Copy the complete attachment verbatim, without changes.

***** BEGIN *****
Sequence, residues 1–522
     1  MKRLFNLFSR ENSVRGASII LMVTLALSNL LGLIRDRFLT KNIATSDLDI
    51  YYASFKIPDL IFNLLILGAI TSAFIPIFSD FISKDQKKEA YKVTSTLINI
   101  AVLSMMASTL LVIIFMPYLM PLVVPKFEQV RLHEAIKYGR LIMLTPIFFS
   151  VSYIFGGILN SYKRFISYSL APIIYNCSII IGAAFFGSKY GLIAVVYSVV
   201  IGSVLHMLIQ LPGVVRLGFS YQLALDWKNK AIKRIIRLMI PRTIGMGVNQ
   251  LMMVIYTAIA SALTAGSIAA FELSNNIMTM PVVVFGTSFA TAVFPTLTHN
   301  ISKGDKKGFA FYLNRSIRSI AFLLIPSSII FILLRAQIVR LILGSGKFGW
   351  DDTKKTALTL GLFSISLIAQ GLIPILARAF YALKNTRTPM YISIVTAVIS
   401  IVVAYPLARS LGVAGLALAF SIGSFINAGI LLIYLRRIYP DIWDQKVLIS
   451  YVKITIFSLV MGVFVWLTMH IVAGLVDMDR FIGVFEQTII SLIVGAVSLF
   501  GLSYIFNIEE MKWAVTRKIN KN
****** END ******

Sequence, residues 1–522
     1  MKRLFNLFSR ENSVRGASII LMVTLALSNL LGLIRDRFLT KNIATSDLDI
    51  YYASFKIPDL IFNLLILGAI TSAFIPIFSD FISKDQKKEA YKVTSTLINI
   101  AVLSMMASTL LVIIFMPYLM PLVVPKFEQV RLHEAIKYGR LIMLTPIFFS
   151  VSYIFGGILN SYKRFISYSL APIIYNCSII IGAAFFGSKY GLIAVVYSVV
   201  IGSVLHMLIQ LPGVVRLGFS YQLALDWKNK AIKRIIRLMI PRTIGMGVNQ
   251  LMMVIYTAIA SALTAGSIAA FELSNNIMTM PVVVFGTSFA TAVFPTLTHN
   301  ISKGDKKGFA FYLNRSIRSI AFLLIPSSII FILLRAQIVR LILGSGKFGW
   351  DDTKKTALTL GLFSISLIAQ GLIPILARAF YALKNTRTPM YISIVTAVIS
   401  IVVAYPLARS LGVAGLALAF SIGSFINAGI LLIYLRRIYP DIWDQKVLIS
   451  YVKITIFSLV MGVFVWLTMH IVAGLVDMDR FIGVFEQTII SLIVGAVSLF
   501  GLSYIFNIEE MKWAVTRKIN KN